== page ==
to the demand. There’s currently a gap in the number of STEM graduates and the number of businesses scouring San Antonio for eligible candidates, and this is something that can, and should, be rectified. Though Mike is quick to explain that closing the skills gap “is not something that can be solved by city government alone, or any form of government, it has to be in partnership with our employers. Solutions need to be industry led.” Alongside closing the skills gaps Mike believes that “we need to make sure that the natural conditions that allow for and support entrepreneurs to launch their businesses here are in place.” According to Mike, these natural conditions are “low taxes, sane regulations and access to capital.” Ride share is a prime example of city hall passing regulations that smothered business. In a city with low transportation options and high incidents of driving while intoxicated, ride share served as an alternative, publicly safe option for those wanting to travel around or get home after imbibing too much. “It was really unfortunate to see the city, essentially, in the business of passing regulations to protect the taxi cab industry, instead of allowing for competition,” said Mike. “If these regulations are still in place when I become mayor, I will make it a high priority to undue the damage and send a message to the world that San Antonio embraces the 21st century, innovation and technology.” Aside from ride share programs, Mike believes that the city needs to help people “get unstuck from traffic.” VIA Metropolitan Transit has a vision, Mike shares, of a system where there would be parking garages at outer perimeter locations near highways where residents could park and ride regularly scheduled, reliable buses leaving every 10 to 15 minutes and traveling on a dedicated HOV lane. This would propel public transportation in San Antonio giving residents dependable, frequent buses to cross town, ultimately cutting down on traffic. Looking internally at the city government’s operations, Mike is persistently pragmatic. Addressing the impasse betwixt police and fire unions and the city government on healthcare costs, Mike believes that, “What we spend on public safety should rise no faster than the revenue that feeds the general fund.” Focusing on San Antonians’ chief concern, Mike believes that it is necessary to have a contract that attracts the best public safety talent and is financially sustainable. Both of which are achievable. “We know that our [the city’s] general fund on average has grown by 4.2 percent and public safety, on the other hand, has been increasing, on average, by 5.6 percent. Public safety can continue to grow, but it shouldn’t be growing faster than general revenue,” said Mike. Naturally, Mike, like many other San Antonians, wants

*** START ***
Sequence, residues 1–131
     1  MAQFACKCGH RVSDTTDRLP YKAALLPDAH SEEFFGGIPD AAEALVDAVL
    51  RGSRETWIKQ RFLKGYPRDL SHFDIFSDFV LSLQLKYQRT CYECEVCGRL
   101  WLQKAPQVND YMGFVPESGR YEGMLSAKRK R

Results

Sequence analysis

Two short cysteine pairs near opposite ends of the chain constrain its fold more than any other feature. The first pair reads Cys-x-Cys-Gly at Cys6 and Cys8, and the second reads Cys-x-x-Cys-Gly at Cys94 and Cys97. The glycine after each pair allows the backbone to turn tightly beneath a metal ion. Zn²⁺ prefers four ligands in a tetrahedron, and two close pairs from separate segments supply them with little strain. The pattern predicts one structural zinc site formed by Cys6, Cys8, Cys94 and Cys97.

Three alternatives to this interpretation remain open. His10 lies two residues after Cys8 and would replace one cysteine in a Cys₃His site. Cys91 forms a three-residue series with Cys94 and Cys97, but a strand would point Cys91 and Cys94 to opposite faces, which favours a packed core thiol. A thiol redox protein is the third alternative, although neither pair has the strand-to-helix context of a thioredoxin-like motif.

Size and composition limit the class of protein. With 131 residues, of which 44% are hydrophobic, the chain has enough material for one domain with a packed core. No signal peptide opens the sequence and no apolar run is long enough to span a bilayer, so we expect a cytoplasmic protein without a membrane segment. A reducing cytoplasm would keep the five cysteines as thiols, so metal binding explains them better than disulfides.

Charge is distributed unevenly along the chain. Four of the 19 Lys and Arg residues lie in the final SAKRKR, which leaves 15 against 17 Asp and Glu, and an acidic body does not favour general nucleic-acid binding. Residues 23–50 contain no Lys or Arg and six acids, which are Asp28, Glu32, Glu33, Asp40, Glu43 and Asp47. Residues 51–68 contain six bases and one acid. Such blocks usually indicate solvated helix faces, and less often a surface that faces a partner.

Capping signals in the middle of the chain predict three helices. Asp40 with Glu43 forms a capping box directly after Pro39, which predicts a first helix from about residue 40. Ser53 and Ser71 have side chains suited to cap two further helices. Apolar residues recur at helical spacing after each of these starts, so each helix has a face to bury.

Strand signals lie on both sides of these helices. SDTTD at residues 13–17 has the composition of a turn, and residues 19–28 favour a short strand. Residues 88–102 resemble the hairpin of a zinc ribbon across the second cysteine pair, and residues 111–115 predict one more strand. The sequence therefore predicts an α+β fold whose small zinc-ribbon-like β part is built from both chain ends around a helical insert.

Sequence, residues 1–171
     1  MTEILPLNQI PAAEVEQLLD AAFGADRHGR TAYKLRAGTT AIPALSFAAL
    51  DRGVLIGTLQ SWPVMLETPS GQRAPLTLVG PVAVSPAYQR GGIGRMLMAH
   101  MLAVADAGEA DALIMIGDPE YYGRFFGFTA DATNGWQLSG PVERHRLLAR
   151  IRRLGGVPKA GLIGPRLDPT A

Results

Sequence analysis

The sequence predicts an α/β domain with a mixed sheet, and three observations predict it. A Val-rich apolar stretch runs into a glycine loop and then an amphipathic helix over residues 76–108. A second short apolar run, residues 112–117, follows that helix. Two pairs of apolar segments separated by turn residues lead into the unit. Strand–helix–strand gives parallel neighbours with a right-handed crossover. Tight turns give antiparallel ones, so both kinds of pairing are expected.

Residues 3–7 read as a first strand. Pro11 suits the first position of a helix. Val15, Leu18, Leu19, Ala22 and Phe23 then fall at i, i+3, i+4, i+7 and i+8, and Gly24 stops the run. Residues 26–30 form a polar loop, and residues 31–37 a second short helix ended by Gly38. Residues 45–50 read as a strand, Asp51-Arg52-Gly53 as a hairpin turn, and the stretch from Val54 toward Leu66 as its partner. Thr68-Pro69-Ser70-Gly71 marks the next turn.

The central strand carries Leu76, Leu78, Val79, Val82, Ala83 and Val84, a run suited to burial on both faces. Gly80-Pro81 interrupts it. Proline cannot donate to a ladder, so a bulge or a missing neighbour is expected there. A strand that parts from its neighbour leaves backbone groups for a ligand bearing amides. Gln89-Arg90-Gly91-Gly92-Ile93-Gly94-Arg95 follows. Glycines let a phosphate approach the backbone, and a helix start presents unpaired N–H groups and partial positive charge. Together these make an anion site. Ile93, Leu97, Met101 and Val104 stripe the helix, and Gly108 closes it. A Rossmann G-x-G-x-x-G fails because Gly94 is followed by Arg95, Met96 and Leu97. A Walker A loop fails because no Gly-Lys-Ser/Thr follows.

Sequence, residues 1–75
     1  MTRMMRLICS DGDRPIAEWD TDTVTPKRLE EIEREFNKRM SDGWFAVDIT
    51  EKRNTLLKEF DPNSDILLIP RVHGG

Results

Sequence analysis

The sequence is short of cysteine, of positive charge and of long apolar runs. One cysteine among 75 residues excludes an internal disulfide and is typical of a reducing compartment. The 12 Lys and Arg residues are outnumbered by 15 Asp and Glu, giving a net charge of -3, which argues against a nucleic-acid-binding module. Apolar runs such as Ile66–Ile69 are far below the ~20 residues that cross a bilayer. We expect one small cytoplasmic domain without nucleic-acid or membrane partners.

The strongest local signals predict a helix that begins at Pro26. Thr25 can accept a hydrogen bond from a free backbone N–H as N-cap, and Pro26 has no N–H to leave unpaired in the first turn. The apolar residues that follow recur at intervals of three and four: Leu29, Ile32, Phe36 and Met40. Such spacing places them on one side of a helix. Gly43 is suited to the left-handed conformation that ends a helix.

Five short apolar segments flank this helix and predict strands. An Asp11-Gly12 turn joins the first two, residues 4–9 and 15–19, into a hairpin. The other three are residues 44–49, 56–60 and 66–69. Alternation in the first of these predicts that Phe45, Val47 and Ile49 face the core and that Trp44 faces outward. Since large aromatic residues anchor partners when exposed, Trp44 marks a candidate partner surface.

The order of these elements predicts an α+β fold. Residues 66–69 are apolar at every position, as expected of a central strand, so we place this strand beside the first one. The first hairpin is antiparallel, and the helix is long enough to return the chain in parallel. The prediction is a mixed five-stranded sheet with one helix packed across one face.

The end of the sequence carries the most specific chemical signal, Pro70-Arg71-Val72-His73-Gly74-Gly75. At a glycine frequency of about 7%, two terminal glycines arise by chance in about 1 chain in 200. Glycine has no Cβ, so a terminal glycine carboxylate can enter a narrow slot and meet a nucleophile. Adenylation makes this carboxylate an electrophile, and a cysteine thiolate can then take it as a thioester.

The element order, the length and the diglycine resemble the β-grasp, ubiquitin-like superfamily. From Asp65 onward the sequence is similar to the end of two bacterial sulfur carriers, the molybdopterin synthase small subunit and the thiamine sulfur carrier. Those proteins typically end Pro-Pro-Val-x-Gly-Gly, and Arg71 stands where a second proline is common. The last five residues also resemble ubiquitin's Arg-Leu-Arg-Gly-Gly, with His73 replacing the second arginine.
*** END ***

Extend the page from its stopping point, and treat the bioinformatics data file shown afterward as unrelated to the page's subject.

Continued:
“I WILL NOT BE SUPPORTING TAX INCREASES TO SUPPORT THE GENERAL OPERATIONS OF OUR CITY GOVERNMENT” police officers’ and firefighters’ health cost covered, but it isn’t sustainable as a long-term plan. Though the city and unions have been making progress toward a deal, albeit slowly, Mike explains that the problem isn’t unsolvable and by addressing it now the city at large will be better for it. While the city is currently wrestling with healthcare costs for public safety officials, the sitting city council did see fit to propose a pay raise for council members and the mayor’s office be placed on the May 9th ballot. Mike believes that there should be earnest, open discussion on the subject of pay raises for these government officials, rather than seeing the usual rigamarole of slick slogans and fancy stickers. “I support the idea of paying our city council and our mayor, but it’s not my top priority. I actually think the most important thing we can do to ensure the fiscal stability of our city is to get this public safety contract done right,” said Mike earnestly. “If they choose to go forward, I hope that there’s a plan on having meaningful conversation with the public on the importance of paying council, but it’s not my highest priority.” With the public safety contract still under discussion and the city council calling for higher wages, San Antonians should consider how the city will fund its general operations, given the general funds’ average growth of 4.2 percent. As the population continues to grow and the economy strengthens, the property tax revenue generated in San